This same question came up during my week at NIGR in the reading room at NARA. There were a few of us that pulled records, only to find out that the person was not a relation. It seemed a little sad to send the record back to the stacks without making a copy. What if somebody could really use that record who can't make it to D.C., can't afford to order it, or doesn't know about its existence yet? One classmate said that she takes a photo of a few pertinent pages and posts information on a tree on This seemed like a nice idea, but I wasn't clear on how she manages or arranges the information on the tree.

So for the time being I've placed the pension file in a hanging file folder labelled "Unrelated Fry." I have other stuff that I've put in similar folders under different surnames. I hate to throw it out for right now, especially down the road if it turns out to be a leaf on a far flung branch.

What do you do with these items? I'd love to hear from you!

Monday, August 13, 2012

Gotta Hankerin' For Some Whiskey

On Saturday I attended a lecture, "Discovering the Records of Tennessee, Kentucky & Whiskey Stills" presented by J. Mark Lowe. I really didn't know what to expect before I got to this lecture, but I figured I wouldn't be disappointed... and I wasn't.

Mark discussed terminology for various different types of travelers. This could be the why's and how's of people who moved first, moved as a group, the ones that stayed behind, the mysterious outlier individual that shows up moving with a group, and women. He also briefly discussed some research principles when tracking an individual.

Various still designs were also discussed, with illustrations provided showing the distilling process. In this case the focus was on whiskey. I also learned that Tennessee sipping whiskey is filtered through charcoal before going in the barrel. Is it surprising that I was suddenly keen on having a whiskey tasting? Could that be the end of the day surprise??

Next we moved onto maps. We spent a lot of time analyzing topographic maps and soil maps. Now you may wonder what does this have to do with genealogy? Well, topographic maps can help you determine why your ancestors choose to travel to a court house a farther distance away, rather than the one that was closer. If there was swampy land between your ancestor and the closer court house, compared to dry flat land to the farther court house... which do you think they would pick? The dry flat land of course. Who wants to chance getting stuck in a marshy critter infested swamp?? Knowing soil conditions is also helpful. Let's face it, many of our ancestors were farmers or land owners, that settled on land/soil that was familiar to them, from either the home country or elsewhere.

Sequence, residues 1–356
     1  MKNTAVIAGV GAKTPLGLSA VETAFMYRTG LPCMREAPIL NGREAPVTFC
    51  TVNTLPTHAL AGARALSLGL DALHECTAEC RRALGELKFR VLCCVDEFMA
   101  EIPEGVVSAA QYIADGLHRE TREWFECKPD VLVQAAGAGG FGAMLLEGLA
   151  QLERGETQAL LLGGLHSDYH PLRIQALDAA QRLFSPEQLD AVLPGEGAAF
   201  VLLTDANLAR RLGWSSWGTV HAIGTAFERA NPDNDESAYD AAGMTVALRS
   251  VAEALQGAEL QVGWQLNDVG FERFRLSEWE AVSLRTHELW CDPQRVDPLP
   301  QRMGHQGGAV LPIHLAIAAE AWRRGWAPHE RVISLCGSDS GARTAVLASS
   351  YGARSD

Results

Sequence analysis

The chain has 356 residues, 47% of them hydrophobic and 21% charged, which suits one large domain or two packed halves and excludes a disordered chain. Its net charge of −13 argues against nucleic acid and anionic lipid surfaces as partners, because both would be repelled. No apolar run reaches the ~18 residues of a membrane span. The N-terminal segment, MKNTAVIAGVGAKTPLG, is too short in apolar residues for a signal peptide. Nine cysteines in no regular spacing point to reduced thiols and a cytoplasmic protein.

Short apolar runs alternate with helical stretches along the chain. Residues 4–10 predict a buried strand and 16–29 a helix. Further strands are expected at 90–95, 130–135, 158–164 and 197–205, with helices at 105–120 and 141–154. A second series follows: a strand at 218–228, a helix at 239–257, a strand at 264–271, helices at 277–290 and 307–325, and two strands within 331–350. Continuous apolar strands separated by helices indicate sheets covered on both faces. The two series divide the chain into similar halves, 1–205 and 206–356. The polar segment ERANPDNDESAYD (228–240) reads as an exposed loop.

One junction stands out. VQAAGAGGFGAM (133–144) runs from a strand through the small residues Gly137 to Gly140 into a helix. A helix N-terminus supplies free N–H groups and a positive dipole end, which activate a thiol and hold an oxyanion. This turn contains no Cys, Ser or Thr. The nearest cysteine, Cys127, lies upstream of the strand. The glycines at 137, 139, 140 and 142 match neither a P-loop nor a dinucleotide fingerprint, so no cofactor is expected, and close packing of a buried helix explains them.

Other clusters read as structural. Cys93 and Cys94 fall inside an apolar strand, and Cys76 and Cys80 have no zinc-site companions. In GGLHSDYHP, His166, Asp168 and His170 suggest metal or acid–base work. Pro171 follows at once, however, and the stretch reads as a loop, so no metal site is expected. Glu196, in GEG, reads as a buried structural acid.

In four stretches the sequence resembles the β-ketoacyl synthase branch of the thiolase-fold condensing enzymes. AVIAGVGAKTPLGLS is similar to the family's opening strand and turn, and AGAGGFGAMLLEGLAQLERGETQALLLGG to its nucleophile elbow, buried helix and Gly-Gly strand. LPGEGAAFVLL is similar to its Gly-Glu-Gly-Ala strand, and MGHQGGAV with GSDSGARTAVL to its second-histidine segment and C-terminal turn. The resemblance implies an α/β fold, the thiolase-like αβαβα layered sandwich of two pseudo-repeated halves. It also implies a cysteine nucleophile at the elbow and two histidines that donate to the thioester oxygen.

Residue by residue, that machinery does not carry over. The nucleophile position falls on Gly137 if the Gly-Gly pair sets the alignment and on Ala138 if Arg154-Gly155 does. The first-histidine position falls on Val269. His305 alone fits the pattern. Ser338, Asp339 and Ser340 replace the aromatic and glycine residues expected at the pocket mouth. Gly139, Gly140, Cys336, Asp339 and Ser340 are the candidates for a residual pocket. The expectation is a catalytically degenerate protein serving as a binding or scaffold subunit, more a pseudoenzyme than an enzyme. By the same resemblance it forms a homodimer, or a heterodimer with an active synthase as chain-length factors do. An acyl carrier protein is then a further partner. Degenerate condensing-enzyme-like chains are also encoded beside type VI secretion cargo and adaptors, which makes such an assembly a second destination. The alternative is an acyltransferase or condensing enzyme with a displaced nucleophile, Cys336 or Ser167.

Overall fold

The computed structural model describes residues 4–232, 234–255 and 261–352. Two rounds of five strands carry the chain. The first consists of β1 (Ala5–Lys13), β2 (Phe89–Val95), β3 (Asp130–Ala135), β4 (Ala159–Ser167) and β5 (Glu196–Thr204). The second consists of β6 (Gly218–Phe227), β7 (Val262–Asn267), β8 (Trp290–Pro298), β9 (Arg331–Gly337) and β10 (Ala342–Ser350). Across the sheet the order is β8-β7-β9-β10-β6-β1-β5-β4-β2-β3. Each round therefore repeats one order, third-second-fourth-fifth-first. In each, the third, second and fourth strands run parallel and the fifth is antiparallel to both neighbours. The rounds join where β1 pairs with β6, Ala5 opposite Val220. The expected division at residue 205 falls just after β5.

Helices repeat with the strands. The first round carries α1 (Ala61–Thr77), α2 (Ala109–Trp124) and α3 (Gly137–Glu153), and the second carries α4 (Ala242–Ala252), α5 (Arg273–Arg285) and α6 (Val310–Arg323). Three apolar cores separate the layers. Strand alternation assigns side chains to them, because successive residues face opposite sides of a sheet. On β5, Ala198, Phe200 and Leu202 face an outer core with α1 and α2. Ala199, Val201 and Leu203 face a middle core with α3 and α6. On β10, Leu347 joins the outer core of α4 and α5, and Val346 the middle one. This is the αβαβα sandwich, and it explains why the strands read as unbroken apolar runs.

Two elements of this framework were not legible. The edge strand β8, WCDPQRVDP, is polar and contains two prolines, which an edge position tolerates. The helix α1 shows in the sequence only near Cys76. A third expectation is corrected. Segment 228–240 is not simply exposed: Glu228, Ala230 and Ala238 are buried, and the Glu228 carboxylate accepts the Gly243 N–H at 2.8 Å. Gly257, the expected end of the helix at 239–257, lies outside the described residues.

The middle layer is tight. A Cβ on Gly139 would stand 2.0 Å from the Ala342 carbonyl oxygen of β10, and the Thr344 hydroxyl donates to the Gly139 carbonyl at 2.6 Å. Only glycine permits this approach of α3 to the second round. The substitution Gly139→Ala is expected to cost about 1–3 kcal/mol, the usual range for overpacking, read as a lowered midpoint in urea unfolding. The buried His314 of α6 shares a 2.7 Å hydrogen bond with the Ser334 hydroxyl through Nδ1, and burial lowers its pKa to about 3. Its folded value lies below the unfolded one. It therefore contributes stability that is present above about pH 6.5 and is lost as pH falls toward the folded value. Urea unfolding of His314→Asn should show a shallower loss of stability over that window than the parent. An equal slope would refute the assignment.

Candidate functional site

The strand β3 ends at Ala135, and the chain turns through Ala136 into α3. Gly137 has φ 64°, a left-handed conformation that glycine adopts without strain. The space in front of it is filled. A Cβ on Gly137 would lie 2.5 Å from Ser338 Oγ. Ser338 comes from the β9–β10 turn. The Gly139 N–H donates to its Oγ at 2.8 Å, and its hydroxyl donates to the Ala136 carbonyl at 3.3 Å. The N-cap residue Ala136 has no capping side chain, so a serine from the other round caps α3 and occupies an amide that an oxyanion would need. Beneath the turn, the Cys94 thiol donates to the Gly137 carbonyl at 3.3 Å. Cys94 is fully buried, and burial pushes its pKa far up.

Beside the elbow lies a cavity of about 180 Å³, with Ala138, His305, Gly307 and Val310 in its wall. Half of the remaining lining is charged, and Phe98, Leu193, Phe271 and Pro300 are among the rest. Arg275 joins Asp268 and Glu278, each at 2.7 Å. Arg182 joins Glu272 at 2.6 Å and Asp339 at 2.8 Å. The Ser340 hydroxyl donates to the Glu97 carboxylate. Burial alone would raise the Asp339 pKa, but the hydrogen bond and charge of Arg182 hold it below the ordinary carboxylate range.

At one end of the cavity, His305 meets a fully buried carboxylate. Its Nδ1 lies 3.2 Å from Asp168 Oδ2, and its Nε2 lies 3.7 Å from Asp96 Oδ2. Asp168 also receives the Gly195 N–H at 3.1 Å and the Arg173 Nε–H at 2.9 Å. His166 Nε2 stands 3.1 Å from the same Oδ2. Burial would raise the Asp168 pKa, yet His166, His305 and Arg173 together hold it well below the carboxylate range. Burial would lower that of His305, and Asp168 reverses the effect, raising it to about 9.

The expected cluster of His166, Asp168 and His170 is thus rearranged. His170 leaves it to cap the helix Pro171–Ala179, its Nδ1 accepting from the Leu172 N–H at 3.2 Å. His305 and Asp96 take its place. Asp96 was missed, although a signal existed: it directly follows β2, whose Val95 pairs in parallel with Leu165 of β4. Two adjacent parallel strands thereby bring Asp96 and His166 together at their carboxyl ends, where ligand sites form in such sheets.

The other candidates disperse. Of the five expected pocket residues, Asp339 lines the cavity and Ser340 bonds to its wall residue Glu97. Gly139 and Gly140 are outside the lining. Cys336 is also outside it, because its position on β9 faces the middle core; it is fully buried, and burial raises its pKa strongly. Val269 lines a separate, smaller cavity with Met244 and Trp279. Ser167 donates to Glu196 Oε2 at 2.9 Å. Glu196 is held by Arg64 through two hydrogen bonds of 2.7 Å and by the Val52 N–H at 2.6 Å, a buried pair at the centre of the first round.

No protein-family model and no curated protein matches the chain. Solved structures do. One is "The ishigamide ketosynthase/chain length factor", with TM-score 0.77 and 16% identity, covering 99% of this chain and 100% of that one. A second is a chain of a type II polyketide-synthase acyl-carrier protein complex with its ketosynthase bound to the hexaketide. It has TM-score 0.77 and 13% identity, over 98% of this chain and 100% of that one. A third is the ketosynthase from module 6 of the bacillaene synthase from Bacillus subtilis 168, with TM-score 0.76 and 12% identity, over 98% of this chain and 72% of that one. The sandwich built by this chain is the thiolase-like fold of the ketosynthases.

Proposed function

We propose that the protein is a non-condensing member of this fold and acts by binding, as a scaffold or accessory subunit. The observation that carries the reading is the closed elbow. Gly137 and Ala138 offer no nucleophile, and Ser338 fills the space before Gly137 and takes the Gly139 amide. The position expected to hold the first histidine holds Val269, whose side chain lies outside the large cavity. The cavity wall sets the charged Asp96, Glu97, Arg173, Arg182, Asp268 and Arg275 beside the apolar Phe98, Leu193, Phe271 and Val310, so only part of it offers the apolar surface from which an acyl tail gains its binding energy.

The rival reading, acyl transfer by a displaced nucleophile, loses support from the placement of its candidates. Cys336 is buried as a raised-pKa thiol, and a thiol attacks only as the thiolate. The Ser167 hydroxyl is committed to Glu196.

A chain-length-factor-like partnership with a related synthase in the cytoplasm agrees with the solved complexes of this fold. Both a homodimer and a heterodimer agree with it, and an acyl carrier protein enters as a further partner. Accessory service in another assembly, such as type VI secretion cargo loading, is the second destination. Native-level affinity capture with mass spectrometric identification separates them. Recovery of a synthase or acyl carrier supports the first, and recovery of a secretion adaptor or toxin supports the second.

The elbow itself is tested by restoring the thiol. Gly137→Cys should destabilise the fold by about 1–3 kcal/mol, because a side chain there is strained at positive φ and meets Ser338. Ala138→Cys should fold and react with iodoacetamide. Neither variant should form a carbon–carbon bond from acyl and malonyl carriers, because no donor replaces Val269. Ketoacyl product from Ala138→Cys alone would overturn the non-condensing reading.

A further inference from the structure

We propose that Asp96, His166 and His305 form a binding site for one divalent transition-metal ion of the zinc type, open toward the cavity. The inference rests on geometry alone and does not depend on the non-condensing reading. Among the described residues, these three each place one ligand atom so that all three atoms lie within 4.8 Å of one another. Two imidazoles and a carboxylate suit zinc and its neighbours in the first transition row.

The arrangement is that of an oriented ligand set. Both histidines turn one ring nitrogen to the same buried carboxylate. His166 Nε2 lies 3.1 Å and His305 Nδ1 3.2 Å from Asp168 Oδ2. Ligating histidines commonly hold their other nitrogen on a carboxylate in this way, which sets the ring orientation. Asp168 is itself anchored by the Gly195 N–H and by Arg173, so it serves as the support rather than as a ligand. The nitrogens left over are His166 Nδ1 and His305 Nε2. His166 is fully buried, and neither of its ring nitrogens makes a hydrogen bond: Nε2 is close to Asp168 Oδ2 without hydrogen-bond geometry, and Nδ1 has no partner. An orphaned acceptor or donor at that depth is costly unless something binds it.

Finally, we looked at agricultural schedules. Mark gave us some hints to figure out who may have been producing whiskey. I was really curious about the ratio of grain produced compared to animal stock. Another words, what ratio of corn/wheat/rye/other grains grown would be used to feed the animals owned, what is used to feed the family, and what is the surplus used to make whiskey or some other liquor? I grew up on a sheep farm and it has been many years since I was involved with ordering grain and hay to feed them. My  memory is a little rusty on this. I also don't know what is involved with feeding cows or pigs, i.e. pounds of feed needed per head.

Anyway, the one consuming thought at the end of the day was whiskey. I was really wanting to do a whiskey tasting. I've been to countless wine tastings and a couple of cognac tastings (yum). However, I don't think I've ever done a whiskey tasting.

So did I have whiskey that night? No. Instead I went out to a sushi dinner with my husband, saw the new Bourne movie, and ate too many Milk Dud's. Overall, it was a great day!

Thursday, August 9, 2012

What's New?

I haven't blogged for a while... I know. We are winding down from a busy summer around here. Last week I was on vacation with my family. It was wonderful and the kids had a blast. This of course meant that I didn't do anything genealogy related, only checked emails once, and didn't give Facebook any attention at all.

When we arrived home, late last Friday night, I had a box of free NARA publications waiting for me, that I requested while in D.C. I'm excited to do more than just skim through them. I also discovered that the 1940 census has been completely indexed. Apparently the next project up for an indexing push is U.S. Immigration and Naturalization records. And I had a death certificate waiting for me (yay!).

This week has been consumed with getting my boys ready for school, doctor/dentist appointments, and the Olympics. What can I say? I love the Olympics, which has caught on with my boys. We've been watching it together. All of this translates to not much time being given to genealogy (sigh) or blogging (sigh again).

I'm excited to get back into my routine. I have a lot of ideas to follow up on, research plans to write, and my NARA research findings to transcribe/extract data from. However, I've decided my top goal for the month of August is to get my office under control and organized. This sounds like a simple project.... it's not. It was quasi organized before summer break started and now it has mutated into complete chaos. Not exactly an exciting genealogical project, but one that is necessary.

So what goals do you have for the month of August?